038 Glowing House
The set rolled along from rootsy country through bluegrassy twang to proclamatory folk. The songs in this last category evoked a bit of Mumford & Sons, with drummer pounding a second bass drum while the stand up bass player dead-panned his way through the changes with a theatrical flair. It was a polished performance that showed a lot of planning and practice.

044 Glowing House
Since the crowd was packed with their loyal fans, Glowing House basked in the respectful attention, but it was clear that this wasn't their venue. They lacked the fire or charisma to work the audience like the other two bands. Their band persona was more geared towards a more subtle emotional depth than flash, making them the odd group out.

078 Sleepy SunI missed Sleepy Sun when they passed through Denver last month supporting City and Colour for two nights at the Ogden, but I was happy that they made a final loop back through town to close out their current tour. It has clearly been a long slog; leader Bret Constantino seemed a bit weary when he told us that this was their next to last show for this run.

068 Sleepy Sun
All the touring has paid off with polished arrangements that flow into perfect alignment while still retaining the cathartic chaos that defines their sound. The solos all feel expressively spontaneous as Matt Holliman wrenched the howling notes from his guitar, but the set list as a whole seemed to run like dominoes, with each song transition clicking into place effortlessly.

087 Sleepy Sun
The band has undergone quite a few changes in recent years. Two albums ago on Fever (review), the group was centered on the yin-yang dynamic of Constantino and singer Rachel Fannen. Last year, touring behind Spine Hits (review), Sleepy Sun shifted more towards alt-psychedelic intensity after Fannen left. Now, on the eve of a new album due early next year, the band has taken back full ownership of the Fever songs and started looking forward. This show split its attention between material from Fever, their first album Embrace, and a couple of new tunes. Oddly enough, only one track from Spine Hits, "Martyr's Mantra", made the list this time.

067 Sleepy Sun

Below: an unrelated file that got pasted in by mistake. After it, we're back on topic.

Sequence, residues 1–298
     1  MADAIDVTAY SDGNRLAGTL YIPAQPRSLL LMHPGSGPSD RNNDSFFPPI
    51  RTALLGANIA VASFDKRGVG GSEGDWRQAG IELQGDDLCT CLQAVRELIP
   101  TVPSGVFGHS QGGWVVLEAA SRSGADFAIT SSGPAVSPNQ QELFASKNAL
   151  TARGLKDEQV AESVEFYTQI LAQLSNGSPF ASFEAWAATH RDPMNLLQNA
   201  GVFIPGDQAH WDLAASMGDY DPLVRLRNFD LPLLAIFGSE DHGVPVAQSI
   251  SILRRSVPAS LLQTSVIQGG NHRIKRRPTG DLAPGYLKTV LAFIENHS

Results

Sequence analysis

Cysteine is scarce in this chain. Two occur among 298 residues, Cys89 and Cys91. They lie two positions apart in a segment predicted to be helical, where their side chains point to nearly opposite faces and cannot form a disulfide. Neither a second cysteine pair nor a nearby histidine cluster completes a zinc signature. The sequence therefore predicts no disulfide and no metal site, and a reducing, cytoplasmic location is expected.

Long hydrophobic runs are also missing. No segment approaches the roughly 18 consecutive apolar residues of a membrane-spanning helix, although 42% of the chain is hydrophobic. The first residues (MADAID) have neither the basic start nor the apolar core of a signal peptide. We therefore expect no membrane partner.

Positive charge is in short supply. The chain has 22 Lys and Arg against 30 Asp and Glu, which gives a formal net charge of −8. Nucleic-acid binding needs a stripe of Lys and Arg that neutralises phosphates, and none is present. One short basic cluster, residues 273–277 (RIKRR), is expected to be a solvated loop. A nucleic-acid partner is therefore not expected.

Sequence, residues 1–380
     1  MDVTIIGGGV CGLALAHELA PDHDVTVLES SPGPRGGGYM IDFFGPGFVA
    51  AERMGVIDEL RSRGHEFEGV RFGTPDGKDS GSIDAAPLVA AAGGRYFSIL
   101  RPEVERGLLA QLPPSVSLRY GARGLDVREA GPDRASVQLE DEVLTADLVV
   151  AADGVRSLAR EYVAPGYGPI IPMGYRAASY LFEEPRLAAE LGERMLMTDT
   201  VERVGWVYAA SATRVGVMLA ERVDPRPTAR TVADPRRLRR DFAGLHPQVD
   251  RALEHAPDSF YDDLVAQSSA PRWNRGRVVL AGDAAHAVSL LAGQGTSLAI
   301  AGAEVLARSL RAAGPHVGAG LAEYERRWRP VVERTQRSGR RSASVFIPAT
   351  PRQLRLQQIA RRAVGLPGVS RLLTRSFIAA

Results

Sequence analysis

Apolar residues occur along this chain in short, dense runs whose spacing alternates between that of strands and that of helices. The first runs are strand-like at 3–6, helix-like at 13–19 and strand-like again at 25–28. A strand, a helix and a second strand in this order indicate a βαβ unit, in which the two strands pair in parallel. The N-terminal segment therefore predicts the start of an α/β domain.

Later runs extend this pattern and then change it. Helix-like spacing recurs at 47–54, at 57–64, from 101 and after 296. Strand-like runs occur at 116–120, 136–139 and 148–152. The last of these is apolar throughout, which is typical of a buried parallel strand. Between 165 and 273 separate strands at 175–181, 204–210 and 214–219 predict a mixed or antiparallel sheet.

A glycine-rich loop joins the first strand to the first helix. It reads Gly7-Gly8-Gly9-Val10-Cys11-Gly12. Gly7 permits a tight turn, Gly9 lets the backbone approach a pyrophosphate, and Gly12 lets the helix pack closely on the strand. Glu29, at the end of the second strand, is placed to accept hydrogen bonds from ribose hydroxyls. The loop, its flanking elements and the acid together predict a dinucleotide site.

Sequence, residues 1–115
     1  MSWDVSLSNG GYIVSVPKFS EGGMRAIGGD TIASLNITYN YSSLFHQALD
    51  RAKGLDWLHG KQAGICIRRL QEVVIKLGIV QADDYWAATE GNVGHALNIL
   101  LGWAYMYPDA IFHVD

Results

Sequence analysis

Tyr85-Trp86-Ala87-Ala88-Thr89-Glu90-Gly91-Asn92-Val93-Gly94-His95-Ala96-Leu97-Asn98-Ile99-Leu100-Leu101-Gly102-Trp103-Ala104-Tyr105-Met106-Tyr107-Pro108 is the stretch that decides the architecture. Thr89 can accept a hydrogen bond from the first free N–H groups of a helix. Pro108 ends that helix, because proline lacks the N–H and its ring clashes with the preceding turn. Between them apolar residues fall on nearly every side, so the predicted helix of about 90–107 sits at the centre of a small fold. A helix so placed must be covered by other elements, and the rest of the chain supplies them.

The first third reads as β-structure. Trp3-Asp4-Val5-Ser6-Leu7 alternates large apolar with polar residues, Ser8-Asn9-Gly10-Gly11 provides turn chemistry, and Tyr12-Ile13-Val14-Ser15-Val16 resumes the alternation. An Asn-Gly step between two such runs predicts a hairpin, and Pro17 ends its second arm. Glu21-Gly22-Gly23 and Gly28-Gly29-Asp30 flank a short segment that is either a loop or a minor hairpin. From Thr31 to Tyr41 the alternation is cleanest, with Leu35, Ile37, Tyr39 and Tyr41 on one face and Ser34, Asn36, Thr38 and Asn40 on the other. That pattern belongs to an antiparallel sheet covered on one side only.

Regardless, all of the songs tapped into a similar heavy sound: Led Zeppelin haze, poetic intensity like the Doors, and raw Velvet Underground madness, tempered by a hedonistic Jane's Addiction thrash. Sleepy Sun launched their sonic assault and the audience soaked up every swirling, feedback-infused decibel. It was a beautiful orgy of noisy intensity. Throbbing grinds of doom kicked out broken-mirror reflections. Whale songs turned into ghostly moans. Ringmaster Constantino presided over the whole circus of acid-washed echoes like a reincarnated Lizard King.  In short, the structured cacophony erased a week of work and daily concerns like a hurricane cleansing the coast.

More photos on my Flickr.

Thursday, November 21, 2013

Interview - Mashup Artist Summit

This is a mashup interview. I conducted separate interviews with five of my favorite mashup artists, some by phone and others by email. Afterwards, mirroring their creative approach, I created this collage interview as a Mashup Artist Summit. None of these artists were aware of how their interviews would be combined, but rather than warp their words for surprise or humorous effect, I've attempted to keep their ideas intact while recognizing their related perspectives on mashups.

For those interested in getting all the context behind these quotes and learning more about these five artists, please browse the source interviews.
Tom Compagnoni (Wax Audio) – interview
Bob Cronin (dj BC) – interview
Eric Kleptone (The Kleptones) – interview
Max Tannoneinterview
Mark Vidler (Go Home Productions) – interview

Jester Jay: Thanks for virtually joining me. How did you all get started?

Eric Kleptone: I've always made music. I played in bands when I was in school. I kind of fell into doing sound engineering and lighting and I got the bug and learned how to DJ.

Max Tannone: I deejayed for a while growing up in middle school and high school.

EK: I wanted to do live shows, so I taught myself how to DJ.

Bob Cronin: I made mix tapes in high school. In college, I made sort of pre-DJ music. I would play a tape and flip the tape over after 45 minutes. Doing those gigs made me always want to have something that was new, that somebody hadn't heard before.

Tom Compagnoni: I created my first digital “Cut & Paste” project in 2004, a 5 track EP called WMD …and Other Distractions. I cut up speeches from politicians of the time and mixed them with various beats and multi-track components.

Mark Vidler: I had been doing similar experiments on a Tascam Porta One 4-track recorder back in the mid-‘80s by overdubbing a cappella tracks from 12″ vinyl with instrumental sections from songs.

When I first started, I played in a band called Chicane between 1987 and 1995. I left the band in 1995, but by 2002, I was missing the action. The whole bootleg scene suddenly rose up overnight, and really pulled me back in. We called them bootlegs in the UK back then, “mashups” as a description came a couple of years later. I was convinced that I could use bootlegs or mashups as a vehicle to getting back into the music business. I set about doing my own bootlegs and knocked up Eminem’s “Without Me” vs. Wings’ “Silly Love Songs” (called "Slim McShady").

TC: It wasn't until about 2007 that I did my first mashup, Black Sabbath’s “War Pigs” and Led Zeppelin’s “Whole Lotta Love”, called “Whole Lotta Sabbath”.